Mud Day is exactly what it sounds like...a bunch of games entirely in the mud. I had no choice but to put on my big girl pants and take one for the team. So I did. And so did my daughter. As a matter of fact, she loved it! (And so did many of the other girls who started out a little hesitant about the mud.)

There were a few who did not enjoy getting muddy (or leaving their shoes behind in the mud pit), but even those girls vowed to return to camp next year, because (in their words) "Camp is so much fun!"

church-camp-3

They Will Encounter God
Camp played a significant role in my spiritual life as I grew up. I accepted Christ at camp. I learned to have a quiet time at camp. I learned to recognize God's Spirit speaking to my heart at camp. I learned to work out my faith at camp.

At some point, your child will choose to either make your faith their own or reject it entirely. You can't make that choice for them, but you can give them opportunities along the way.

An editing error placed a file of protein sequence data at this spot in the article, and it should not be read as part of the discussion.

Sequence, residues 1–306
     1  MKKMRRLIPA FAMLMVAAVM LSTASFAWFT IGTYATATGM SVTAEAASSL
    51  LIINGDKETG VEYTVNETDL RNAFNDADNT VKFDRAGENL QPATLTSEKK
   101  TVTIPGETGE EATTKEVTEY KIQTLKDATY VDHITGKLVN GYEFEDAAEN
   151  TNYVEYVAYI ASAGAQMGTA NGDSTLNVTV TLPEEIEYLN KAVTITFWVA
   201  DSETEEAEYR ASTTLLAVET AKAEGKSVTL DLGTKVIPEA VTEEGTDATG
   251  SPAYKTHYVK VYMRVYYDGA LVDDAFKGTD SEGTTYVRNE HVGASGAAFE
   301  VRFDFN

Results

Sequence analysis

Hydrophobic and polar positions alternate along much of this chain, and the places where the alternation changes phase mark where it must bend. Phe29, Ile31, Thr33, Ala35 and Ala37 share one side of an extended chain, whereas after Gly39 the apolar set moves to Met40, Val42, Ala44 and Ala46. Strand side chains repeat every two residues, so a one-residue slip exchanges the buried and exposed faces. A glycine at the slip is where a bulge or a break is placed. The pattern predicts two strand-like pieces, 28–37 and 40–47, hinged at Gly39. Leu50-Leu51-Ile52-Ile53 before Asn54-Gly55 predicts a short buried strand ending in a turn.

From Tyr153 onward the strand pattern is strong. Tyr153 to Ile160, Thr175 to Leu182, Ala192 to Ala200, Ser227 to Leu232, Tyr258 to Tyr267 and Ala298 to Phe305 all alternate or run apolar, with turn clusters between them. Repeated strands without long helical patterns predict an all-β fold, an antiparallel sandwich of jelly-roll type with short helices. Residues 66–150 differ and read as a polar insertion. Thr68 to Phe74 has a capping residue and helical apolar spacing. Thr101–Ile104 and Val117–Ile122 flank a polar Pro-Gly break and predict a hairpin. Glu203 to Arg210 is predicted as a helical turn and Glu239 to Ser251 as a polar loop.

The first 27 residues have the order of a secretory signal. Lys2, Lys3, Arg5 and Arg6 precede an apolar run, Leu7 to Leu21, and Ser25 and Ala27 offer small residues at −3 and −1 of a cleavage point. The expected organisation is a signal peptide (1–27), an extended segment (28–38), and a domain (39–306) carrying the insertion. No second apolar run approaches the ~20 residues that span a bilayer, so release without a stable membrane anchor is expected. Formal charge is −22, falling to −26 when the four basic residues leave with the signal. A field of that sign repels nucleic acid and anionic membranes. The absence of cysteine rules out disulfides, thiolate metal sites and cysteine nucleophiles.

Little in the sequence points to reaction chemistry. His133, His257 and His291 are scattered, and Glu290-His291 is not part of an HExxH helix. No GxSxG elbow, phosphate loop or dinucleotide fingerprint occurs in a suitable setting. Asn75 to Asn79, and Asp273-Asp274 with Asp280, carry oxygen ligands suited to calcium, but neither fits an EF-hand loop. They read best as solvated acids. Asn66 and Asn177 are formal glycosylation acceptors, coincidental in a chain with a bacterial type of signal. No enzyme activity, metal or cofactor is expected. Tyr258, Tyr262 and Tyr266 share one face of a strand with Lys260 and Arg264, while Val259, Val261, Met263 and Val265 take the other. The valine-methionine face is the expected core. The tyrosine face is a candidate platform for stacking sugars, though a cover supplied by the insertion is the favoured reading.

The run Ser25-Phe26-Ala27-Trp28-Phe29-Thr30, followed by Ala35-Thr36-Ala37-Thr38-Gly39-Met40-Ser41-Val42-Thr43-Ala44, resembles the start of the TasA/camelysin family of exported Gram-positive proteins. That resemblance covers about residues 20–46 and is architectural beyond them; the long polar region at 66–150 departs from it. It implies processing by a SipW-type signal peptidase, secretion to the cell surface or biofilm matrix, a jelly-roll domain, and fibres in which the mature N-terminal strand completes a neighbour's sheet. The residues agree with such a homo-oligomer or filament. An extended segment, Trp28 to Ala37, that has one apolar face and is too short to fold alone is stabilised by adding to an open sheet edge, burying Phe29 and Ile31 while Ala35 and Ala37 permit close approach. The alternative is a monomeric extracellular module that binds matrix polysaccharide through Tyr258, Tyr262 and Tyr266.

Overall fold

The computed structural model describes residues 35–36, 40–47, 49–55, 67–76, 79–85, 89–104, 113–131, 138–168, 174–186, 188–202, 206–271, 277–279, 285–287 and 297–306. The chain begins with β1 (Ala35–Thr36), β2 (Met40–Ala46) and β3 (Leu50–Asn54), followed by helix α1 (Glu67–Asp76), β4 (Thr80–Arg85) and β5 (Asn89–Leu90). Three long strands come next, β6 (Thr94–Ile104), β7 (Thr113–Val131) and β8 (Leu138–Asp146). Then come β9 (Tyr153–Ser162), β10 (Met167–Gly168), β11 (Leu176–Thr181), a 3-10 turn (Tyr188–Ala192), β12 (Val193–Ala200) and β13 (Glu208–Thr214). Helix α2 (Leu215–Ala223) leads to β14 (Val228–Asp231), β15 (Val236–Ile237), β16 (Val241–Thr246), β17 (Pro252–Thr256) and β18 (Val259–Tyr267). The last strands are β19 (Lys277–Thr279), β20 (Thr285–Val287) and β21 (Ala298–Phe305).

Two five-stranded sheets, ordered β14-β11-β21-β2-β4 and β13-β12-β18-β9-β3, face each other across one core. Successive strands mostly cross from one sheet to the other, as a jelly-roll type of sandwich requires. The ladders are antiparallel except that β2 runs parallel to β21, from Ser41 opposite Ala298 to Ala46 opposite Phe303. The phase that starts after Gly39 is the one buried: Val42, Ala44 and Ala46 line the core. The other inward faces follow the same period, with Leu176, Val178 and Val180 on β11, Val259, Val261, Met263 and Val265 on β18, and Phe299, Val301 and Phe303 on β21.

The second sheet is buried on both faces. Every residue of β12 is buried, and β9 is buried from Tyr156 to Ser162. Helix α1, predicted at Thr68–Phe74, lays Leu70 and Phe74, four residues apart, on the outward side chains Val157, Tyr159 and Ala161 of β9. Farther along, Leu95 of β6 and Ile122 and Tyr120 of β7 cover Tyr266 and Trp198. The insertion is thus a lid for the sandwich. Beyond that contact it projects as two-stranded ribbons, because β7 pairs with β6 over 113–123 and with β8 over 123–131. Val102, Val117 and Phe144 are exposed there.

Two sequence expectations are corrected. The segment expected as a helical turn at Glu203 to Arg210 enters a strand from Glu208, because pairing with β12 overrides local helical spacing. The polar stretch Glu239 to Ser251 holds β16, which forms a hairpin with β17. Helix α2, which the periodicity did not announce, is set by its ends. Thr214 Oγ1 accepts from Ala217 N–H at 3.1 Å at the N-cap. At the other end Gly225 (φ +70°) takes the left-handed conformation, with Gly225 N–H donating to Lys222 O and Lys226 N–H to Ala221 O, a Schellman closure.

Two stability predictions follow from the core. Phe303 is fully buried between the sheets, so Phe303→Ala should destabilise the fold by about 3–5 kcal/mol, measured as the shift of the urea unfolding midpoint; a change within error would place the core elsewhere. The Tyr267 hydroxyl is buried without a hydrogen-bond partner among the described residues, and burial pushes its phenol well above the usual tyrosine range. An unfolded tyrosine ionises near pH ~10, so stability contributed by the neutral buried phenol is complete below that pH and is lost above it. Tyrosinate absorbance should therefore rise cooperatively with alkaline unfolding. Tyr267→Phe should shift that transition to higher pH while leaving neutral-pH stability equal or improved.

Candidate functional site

A Bible-believing camp is the perfect opportunity for your kids to step into their own relationship with God. For a few days they are not distracted by home life, sibling squabbles, or pressure from school. It's just them and God.

We often think nothing of plunking down hundreds of dollars for soccer camp, gymnastics camp, band camp, or (fill in the blank with any other activity) camp. We will even schedule family vacations and other commitments around them, because we recognize the benefit of concentrated efforts in those areas.

Imagine what could happen if we put as much effort and financial investment into our children's spiritual development!